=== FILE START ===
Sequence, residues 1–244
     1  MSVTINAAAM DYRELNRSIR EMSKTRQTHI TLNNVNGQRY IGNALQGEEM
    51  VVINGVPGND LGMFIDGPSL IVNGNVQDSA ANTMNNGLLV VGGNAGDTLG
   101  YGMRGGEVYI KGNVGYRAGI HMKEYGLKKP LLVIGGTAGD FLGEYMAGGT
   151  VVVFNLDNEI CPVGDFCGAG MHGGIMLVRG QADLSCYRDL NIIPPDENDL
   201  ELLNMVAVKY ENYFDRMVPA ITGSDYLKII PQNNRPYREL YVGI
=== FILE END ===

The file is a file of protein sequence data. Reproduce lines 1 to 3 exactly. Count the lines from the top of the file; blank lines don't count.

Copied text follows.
Sequence, residues 1–244
     1  MSVTINAAAM DYRELNRSIR EMSKTRQTHI TLNNVNGQRY IGNALQGEEM
    51  VVINGVPGND LGMFIDGPSL IVNGNVQDSA ANTMNNGLLV VGGNAGDTLG